Luai,
    Very informative evaluation – thanks much.
    As for developing medicines from scratch – yes, it’s very expensive, but I think making it in the generics prepares a company to grow and eventually maybe try some real development on its own. (Supposedly, Dar AlHekma, the oldest of the companies, has started to patent its own products – some type of ointments I think).

    If you feel you have any more to offer, please feel free to add to the comment box.

  4. I believe that Al Hekma group is trying to bring in Advanced technology through mergers and acquisitions. I think it was earlier this year that they bought a small German company. It is also what Saudi Petrochemical companies are doing. soon enough, through King Fahd university, we will start seeing the development of Saudi technology.

    others to look at:
    Fadi Ghandour: founder of Aramex.
    Shoman family: the Arab Bank.
    Fahed Tueimeh: Chili House owner.
    Alal Abu Ghazaleh: Abu Ghazaleg Group.
    Dr. Amjad Aryan: founder of Pharmacy 1 (chain of 19 pharmacies)

    Another good article about the Pharmaceutical Industry in Jordan:
    http://www.jordan-business.net/magazine/index.php?option=com_content&task=view&id=77&Itemid=79

  5. There is one thing that I care most when talking about globalization; it is efficiency and how to balance it with social responsibility, but in jordan I think we forgot everything about social responsibility and we still look at employees and workers like slaves..

  6. […] the arab world will fall into it soon.More interesting posts about Globalization & Arab World:Jordan’s Pharmaceutical Industry and TomatoesIndustrial Jordan in the Age of […]

  7. besides the point that stories like abu adas will be relic of the past when it hits 5th gear in the country.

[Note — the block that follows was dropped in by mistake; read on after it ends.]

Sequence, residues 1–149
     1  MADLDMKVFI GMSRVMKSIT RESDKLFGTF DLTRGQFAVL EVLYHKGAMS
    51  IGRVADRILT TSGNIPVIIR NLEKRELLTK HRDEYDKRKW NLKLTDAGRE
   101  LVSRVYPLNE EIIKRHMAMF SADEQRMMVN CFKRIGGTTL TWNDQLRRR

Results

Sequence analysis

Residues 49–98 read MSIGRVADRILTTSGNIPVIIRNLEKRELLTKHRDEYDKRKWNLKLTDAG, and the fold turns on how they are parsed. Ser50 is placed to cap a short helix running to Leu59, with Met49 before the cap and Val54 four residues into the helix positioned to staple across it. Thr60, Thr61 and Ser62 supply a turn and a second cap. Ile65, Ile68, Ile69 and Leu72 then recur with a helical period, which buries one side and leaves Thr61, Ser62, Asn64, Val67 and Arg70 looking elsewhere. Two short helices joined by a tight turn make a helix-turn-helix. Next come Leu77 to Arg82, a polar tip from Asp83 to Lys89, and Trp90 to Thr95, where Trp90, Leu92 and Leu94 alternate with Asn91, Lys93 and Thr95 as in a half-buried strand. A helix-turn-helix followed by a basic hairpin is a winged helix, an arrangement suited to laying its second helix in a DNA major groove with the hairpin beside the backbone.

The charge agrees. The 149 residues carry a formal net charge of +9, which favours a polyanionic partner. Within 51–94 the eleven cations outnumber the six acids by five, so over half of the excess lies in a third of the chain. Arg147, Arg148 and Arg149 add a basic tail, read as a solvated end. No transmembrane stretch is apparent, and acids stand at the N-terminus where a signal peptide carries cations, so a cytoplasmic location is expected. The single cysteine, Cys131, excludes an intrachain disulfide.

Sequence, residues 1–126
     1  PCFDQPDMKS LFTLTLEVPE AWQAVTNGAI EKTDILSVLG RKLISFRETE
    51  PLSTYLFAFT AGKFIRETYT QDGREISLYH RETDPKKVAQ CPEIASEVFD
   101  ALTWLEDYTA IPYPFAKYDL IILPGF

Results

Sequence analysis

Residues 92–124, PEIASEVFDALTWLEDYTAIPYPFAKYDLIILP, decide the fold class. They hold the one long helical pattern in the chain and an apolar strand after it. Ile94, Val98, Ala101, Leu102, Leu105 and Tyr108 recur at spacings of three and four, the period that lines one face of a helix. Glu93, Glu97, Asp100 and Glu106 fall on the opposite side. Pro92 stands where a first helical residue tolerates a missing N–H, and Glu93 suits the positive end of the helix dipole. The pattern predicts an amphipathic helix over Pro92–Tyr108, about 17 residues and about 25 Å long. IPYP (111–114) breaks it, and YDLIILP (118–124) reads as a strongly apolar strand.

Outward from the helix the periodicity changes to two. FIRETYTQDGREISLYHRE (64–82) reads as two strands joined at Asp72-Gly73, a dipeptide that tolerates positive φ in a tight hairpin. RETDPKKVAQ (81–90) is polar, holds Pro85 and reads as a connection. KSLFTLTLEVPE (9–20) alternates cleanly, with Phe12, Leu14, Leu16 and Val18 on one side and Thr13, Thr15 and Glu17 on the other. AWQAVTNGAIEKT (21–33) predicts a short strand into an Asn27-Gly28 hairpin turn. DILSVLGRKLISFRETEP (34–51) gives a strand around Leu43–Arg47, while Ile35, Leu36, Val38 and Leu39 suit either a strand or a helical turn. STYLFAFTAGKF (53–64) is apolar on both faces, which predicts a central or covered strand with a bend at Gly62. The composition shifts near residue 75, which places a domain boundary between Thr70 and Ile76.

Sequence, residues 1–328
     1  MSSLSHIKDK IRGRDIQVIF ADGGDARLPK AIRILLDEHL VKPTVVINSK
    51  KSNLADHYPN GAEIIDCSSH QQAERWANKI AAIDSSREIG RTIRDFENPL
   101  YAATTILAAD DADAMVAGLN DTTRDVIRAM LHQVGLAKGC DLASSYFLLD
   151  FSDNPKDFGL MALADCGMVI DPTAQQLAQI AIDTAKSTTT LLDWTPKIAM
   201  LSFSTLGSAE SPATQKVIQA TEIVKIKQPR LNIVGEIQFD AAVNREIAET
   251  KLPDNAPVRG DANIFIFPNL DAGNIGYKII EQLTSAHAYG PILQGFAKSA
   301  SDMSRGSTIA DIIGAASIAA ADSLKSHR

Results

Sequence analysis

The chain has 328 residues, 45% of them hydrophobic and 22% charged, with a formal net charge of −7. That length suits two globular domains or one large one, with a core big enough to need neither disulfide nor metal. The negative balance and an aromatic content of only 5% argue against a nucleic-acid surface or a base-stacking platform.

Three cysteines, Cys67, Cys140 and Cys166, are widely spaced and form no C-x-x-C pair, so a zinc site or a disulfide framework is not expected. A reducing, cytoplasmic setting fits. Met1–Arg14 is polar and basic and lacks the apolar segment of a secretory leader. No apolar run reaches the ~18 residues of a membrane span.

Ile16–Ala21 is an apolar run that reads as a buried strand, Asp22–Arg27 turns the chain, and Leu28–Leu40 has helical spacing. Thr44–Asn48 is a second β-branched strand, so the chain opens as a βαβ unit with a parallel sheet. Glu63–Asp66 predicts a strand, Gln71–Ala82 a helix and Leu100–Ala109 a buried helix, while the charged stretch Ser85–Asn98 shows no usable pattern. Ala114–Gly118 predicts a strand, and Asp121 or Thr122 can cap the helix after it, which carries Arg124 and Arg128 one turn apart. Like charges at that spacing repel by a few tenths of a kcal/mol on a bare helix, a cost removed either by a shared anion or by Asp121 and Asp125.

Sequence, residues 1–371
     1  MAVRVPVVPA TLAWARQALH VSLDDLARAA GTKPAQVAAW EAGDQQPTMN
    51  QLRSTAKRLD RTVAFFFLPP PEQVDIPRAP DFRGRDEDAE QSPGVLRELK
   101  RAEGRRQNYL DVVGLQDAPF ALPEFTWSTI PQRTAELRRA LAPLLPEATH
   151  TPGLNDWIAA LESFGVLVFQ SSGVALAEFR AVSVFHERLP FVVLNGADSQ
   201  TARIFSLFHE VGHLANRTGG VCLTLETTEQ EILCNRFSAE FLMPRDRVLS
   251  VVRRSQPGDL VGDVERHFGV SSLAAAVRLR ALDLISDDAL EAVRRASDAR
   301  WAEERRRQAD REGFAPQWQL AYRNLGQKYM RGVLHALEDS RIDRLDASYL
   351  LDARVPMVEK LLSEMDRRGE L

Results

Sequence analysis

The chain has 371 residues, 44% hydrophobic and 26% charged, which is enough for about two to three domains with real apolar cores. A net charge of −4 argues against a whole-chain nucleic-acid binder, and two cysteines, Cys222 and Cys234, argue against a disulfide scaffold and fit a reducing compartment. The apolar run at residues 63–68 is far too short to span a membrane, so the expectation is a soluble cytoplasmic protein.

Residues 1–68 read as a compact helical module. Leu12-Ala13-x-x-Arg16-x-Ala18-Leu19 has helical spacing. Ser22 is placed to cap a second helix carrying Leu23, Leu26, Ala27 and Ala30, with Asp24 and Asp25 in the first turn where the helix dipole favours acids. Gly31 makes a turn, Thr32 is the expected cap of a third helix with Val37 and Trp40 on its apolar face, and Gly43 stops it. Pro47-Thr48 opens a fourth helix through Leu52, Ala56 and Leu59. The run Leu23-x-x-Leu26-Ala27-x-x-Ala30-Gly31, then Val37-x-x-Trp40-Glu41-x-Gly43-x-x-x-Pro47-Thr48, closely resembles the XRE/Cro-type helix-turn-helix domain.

With globalization comes intellectual property, and enforcement of that property. Now the industry in jordan operates on producing royalty free medication, with the cheap cost the bottom line is competitive. They don’t have the capitol to invest in R&D, or marketing for that matter, and they are unable to profitably produce royalty drugs. now with talks in Europe and the united states about allowing extension on the intellectual license this will in effect cause all the generic producers to be pushed aside, and even when the law is with them (the WTO allows for poor countries to break IP laws, india and brazil are doing that with AIDS cocktail drugs) the pharmaceutical industries and corporations (the true face of globalization) will coerce people to see things their way.
    So in essence its a free market for the corporations and not for anyone

  8. Salam Bambam,
    Worthy pharmaceutical companies in Jordan are preparing for this move, and they will make drugs and follow the laws of IP. and some of them are also trying to develop their own IP.

    if weak companies cannot compete in the world market, even after a 40-50 years of “protected” existence, then they don’t really deserve to survive.

    Globalization simply makes the competition global. This is not due to certain laws that Jordan will allow. this is due to the nature of the world. to succeed our jordanian companies will have to think and work harder, but when they win, they will win big (just think of Skype)

    if you are against globalization, tell me what alternative do you have? what different course of action can we take? Avoiding globalization is not possible, simply because the world is connected today. (unless you want to wall off jordan, almost like Burma of the 80s)

  9. i need some thing dear

  10. I love it when folks come together and share thoughts. Great blog,
    keep it up!